If the SG has a budget line for this then presumably it ‘buys’ something with its (our) money and so the notion that ‘funding comes (only) from the UK Gov to Network Rail’ can’t be the whole story!

    For this interested in detail, it helps to delve into this source: ‘Scottish Budget: 2022-23 – Level 4 Data’ (https://www.gov.scot/publications/scottish-budget-2022-23/documents/)

    We learn here that the SG’s Net Zero, Energy & Transport portfolio has four distinct budget line items for ‘rail services’: (i) Major Public Transport Projects; (ii) Rail Development; (iii) Rail Franchise; and (iv) Rail Infrastructure.

    £427 million in the 2022-23 budget is assigned to ‘Rail Infrastructure’. The purpose of this is further explained: ‘Supports the costs of maintenance, safe operation and renewal of the Scottish rail network.’ In the 2020-21 budget the figure was £501 million, i.e. there has been a decrease of 14.8%.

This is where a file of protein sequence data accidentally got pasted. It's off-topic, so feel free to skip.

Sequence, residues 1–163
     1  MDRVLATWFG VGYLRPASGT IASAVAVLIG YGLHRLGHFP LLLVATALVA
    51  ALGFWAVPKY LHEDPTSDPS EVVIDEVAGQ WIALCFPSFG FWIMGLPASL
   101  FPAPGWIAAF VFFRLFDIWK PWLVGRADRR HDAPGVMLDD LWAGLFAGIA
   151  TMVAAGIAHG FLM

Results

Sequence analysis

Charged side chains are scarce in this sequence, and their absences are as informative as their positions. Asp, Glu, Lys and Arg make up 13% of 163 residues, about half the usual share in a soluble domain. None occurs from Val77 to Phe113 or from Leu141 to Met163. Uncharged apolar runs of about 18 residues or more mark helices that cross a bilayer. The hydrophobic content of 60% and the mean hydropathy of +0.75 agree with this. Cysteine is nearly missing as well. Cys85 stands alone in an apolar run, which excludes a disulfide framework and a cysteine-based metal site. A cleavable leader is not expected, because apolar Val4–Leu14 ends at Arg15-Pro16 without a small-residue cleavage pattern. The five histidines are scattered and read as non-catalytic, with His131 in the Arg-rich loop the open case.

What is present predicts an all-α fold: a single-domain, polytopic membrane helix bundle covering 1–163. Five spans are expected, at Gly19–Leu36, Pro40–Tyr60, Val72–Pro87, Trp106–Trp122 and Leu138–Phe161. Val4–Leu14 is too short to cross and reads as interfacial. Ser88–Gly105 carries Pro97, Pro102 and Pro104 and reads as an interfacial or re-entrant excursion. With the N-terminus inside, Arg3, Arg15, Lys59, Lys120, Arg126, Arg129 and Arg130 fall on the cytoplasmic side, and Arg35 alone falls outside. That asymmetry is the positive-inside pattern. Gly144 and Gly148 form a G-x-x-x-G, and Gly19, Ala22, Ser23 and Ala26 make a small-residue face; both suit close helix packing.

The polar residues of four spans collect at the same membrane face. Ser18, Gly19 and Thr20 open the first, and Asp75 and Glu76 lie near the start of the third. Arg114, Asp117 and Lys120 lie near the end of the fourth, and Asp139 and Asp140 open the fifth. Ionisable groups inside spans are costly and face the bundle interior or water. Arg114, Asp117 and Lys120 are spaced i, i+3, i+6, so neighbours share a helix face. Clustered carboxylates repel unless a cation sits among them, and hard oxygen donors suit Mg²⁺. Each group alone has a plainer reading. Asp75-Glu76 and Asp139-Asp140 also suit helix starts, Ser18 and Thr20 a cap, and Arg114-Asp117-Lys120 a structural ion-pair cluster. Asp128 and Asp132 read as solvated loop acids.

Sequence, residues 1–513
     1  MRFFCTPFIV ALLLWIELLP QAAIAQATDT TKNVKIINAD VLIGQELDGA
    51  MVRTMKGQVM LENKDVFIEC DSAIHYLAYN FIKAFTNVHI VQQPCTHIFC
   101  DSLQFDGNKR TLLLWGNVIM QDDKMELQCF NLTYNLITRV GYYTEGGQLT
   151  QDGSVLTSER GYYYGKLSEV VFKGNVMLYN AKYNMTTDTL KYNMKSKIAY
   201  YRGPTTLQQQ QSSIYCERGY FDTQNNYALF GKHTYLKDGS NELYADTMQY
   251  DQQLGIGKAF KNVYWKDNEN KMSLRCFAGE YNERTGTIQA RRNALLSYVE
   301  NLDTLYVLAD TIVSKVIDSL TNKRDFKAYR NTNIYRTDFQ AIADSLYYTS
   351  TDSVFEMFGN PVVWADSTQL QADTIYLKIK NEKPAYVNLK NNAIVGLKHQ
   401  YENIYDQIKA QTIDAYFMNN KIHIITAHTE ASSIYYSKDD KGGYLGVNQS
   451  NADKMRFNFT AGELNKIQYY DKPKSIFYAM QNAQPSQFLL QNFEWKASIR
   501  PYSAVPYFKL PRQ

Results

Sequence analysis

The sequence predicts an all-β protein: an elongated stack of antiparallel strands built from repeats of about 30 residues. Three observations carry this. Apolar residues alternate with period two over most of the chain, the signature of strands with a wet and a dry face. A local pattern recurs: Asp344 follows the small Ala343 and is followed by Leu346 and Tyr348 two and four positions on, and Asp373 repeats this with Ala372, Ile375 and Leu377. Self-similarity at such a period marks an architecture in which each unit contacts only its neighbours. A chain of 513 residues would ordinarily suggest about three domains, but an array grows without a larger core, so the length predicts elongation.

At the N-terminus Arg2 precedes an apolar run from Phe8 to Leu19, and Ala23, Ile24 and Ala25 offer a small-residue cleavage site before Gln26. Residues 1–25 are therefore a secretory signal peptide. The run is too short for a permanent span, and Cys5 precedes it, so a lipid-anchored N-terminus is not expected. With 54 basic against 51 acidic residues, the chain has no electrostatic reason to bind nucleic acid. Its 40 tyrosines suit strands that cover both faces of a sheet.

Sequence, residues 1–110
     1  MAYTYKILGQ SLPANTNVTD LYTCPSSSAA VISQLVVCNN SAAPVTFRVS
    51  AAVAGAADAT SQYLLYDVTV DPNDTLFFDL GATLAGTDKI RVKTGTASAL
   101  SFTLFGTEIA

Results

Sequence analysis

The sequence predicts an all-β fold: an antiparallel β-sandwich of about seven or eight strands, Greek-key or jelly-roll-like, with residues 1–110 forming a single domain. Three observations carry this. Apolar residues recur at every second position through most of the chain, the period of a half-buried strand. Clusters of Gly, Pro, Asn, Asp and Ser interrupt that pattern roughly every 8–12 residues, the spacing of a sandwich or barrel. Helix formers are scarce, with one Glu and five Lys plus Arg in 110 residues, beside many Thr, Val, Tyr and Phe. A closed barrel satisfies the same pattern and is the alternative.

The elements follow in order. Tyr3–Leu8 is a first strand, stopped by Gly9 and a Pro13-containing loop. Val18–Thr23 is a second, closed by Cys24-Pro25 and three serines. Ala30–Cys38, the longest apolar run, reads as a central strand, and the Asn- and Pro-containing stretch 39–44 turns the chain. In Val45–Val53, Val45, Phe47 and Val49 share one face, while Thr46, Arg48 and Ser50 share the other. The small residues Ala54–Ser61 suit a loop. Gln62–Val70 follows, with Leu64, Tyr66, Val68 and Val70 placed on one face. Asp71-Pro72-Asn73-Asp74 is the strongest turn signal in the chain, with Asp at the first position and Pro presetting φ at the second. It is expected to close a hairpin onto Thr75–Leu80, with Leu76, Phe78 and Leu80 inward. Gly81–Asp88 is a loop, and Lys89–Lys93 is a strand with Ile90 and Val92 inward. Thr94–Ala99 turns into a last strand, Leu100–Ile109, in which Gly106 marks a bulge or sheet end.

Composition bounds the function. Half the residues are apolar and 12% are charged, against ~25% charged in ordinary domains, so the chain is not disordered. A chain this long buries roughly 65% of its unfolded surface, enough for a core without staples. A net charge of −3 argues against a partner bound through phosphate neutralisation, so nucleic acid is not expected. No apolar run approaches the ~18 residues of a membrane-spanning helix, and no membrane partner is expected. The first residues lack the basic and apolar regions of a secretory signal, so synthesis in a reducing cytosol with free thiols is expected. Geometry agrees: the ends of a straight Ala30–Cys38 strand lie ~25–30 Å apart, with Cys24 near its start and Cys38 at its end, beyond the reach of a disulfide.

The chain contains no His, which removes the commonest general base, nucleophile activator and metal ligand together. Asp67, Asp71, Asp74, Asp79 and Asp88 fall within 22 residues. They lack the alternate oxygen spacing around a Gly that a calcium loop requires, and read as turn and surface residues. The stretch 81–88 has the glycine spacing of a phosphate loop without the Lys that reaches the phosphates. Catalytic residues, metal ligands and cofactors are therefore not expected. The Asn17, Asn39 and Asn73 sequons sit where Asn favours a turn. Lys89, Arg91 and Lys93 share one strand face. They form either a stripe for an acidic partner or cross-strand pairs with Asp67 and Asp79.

The budget spreadsheet from this same source has a column headed: ‘Explanation of significant changes from previous year’. The entry for the £427 million for Rail Infrastructure states: ‘Reflects profile of Network Rail grant funding for Control Period 6.’

    Control Period (CP) 6 is Network Rail’s term for the period of its current agreement on grant funding from Westminster and Scottish governments: it spans 2019-2024.

    Returning to the Level 4 Data, the spreadsheet entry for ‘Major Public Transport Projects has an allocation of £247 million for 2022-23. This is up 42.8% on financial year 2020-21.

    The same source notes the purpose of the budget for Major Public Transport Projects: ‘Network Rail Enhancement grant for improvement to rail infrastructure and other network and associated rail improvements’. The explanation given for the change from the previous year is: “Change in profile of expenditure for projects’.